7 Helpful Tips for Traveling with Mobility Equipment

Tips for Traveling with Mobility Equipment

It never hurts to do some useful preparing before the big flight, whether you’re traveling to explore a new city, visit family for the holidays, or pack your bags for a business trip. Getting through the airport and to the plane is another item on your trip checklist, along with purchasing tickets, giving pets to a kennel, and arranging transportation to your terminal. Also, if you are traveling with medical supplies or mobility equipment, a little extra planning will go a long way toward making your trip comfortable. You may travel with your mobility equipment and more easily and safely traverse every step of the process by following the advice provided below, from making travel arrangements to going through airport security.

1. Start Planning Early On

There is never a bad time to begin planning plans. Consider other measures you may take to make your vacation more enjoyable once you have your flight details confirmed. To make sure you have everything covered, it can be helpful to break up your travel day into distinct phases and make a plan for each.

Let’s say you’re traveling with your wheelchair. Your shuttle trip to the airport may be the first part of your travel day, followed by the process of checking your luggage. Thus, you can make strategies for each. Inform the shuttle service that you will be using a wheelchair when making your reservation so they can make sure the vehicle that picks you up has enough room to safely store your equipment.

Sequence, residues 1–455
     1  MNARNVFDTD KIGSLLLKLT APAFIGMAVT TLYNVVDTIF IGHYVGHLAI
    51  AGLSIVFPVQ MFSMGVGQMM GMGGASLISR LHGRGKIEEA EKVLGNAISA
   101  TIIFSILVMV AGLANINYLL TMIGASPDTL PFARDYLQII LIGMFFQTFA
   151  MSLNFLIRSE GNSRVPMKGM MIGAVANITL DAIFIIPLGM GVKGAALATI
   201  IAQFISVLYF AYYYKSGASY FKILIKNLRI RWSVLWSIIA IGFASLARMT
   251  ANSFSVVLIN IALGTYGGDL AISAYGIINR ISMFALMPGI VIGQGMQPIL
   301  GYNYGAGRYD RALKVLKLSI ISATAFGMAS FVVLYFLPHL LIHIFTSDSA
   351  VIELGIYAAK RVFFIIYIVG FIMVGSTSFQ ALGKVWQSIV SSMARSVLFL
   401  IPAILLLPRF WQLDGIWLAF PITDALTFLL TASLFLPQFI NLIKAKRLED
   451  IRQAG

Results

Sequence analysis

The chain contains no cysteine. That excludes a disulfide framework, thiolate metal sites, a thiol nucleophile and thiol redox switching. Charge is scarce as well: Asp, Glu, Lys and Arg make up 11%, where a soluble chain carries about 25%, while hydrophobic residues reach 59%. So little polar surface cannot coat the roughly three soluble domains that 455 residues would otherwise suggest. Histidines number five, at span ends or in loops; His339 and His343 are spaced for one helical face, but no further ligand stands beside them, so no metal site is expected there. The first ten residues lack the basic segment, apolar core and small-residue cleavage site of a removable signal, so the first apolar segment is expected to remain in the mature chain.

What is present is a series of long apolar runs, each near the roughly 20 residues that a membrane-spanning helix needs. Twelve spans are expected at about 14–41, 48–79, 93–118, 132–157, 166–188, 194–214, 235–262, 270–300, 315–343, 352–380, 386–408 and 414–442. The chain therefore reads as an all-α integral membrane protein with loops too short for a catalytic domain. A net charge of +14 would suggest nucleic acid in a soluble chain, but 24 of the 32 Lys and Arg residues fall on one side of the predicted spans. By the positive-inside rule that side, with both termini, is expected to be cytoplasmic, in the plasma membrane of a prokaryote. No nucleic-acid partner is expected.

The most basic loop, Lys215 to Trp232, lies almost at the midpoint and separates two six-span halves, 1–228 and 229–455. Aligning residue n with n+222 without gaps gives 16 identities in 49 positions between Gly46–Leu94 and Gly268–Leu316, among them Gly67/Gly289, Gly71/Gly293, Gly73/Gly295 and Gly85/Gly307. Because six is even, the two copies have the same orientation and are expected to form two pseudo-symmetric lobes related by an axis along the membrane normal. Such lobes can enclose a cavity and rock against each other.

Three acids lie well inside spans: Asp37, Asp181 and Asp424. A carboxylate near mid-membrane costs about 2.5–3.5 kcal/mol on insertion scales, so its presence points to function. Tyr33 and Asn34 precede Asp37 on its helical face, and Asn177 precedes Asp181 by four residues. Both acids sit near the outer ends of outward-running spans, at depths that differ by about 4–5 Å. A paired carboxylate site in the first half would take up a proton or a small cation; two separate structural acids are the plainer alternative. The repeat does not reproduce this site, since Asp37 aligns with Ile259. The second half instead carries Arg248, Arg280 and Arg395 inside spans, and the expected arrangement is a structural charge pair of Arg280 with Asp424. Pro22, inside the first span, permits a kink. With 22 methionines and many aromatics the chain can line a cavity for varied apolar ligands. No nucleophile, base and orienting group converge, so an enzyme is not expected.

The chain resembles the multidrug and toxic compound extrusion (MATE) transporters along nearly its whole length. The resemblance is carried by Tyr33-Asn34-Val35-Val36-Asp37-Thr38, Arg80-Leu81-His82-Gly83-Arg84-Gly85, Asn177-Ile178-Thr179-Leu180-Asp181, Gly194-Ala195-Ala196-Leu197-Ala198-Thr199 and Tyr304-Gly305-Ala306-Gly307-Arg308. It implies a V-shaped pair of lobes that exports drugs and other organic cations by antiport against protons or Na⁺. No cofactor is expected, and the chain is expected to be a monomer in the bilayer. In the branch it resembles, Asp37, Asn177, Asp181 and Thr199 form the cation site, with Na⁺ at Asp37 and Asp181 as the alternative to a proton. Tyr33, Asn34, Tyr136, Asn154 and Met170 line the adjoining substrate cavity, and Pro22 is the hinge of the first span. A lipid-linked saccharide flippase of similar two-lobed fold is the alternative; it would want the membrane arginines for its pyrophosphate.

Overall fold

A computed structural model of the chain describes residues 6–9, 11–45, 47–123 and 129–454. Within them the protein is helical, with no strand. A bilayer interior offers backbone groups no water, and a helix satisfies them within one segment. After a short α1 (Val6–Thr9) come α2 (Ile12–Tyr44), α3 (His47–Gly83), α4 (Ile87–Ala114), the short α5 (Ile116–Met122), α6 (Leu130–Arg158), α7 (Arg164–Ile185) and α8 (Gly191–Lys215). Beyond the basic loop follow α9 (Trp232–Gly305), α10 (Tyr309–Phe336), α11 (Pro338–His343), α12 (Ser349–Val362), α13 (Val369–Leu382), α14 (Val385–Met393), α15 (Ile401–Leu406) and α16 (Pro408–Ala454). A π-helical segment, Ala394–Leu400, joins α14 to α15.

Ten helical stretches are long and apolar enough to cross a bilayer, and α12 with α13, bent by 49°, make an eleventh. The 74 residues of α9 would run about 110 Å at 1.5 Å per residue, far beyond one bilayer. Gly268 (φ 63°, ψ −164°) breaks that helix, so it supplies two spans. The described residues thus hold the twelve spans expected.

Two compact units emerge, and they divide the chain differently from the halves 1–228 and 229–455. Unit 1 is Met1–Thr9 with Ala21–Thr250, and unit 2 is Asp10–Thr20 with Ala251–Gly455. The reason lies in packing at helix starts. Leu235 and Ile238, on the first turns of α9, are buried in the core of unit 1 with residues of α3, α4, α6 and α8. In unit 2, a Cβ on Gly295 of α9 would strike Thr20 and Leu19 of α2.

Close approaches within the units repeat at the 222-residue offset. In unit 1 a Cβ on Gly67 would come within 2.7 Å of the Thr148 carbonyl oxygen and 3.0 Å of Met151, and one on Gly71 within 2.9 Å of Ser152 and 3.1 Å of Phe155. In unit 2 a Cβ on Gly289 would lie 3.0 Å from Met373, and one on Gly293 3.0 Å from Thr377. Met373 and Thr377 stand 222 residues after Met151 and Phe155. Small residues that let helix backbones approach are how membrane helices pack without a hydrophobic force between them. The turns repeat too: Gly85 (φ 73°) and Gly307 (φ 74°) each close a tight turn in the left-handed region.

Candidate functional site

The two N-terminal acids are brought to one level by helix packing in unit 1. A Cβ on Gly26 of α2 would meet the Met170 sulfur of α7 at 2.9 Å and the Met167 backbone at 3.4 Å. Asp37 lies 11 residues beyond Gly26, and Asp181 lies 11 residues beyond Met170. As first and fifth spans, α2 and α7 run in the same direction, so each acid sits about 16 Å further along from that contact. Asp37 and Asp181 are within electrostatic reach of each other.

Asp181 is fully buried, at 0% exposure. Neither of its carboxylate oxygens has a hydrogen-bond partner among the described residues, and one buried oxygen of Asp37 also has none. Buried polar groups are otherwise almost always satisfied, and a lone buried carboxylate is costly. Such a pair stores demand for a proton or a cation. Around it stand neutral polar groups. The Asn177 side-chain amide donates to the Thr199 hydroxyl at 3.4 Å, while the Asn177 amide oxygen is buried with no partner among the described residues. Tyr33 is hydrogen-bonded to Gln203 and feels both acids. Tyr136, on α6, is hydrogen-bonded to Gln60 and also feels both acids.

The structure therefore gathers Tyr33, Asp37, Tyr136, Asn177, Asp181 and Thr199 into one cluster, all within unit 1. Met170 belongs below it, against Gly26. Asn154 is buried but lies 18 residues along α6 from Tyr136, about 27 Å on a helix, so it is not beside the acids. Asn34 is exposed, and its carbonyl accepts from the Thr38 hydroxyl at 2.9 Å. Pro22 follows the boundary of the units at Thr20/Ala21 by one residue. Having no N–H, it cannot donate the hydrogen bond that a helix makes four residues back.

Once you’re at the airport, it could take a bit longer for you to go through security and board the plane. You might need to check your chair, too, which can take extra time. Plan ahead by creating a calendar or timeline for the day and allow for more time in your schedule for these important periods. This can prevent delays in your schedule and keep you feeling confident about the trip. And don’t forget to make the same type of plans for your destination, too.

2. Choose the Right Seat and Request Pre-Boarding

You’ll feel more at ease when you have the room you need to use or safely store the equipment you’re bringing along. If feasible, when you’re booking your travel, see if you can pick an aisle seat that provides additional legroom and space to one side. Moreover, if you are sitting along the aisle, it will be simpler for you to use the restroom on the aircraft.

Remember that you might need a little additional time to go around the airport when you get there and a little extra time to board the plane. When you arrive and check in, request help with pre-boarding. You can board the aircraft before of other passengers, giving you extra time to settle into your seat before other passengers do.


3. Let the Airline Know About Your Requirements

It’s crucial to let the airline know in advance about your mobility needs and when you arrive at the airport on the day of your flight. This is crucial if you intend to use an airport agent to guide you through the facilities the day of the event. Inform them of your capacity to climb stairs, walk farther, and take a seat on an airplane. It’s crucial to let the representative know if you require a seat with a liftable armrest or if you have any other mobility issues that could affect how you navigate the airport.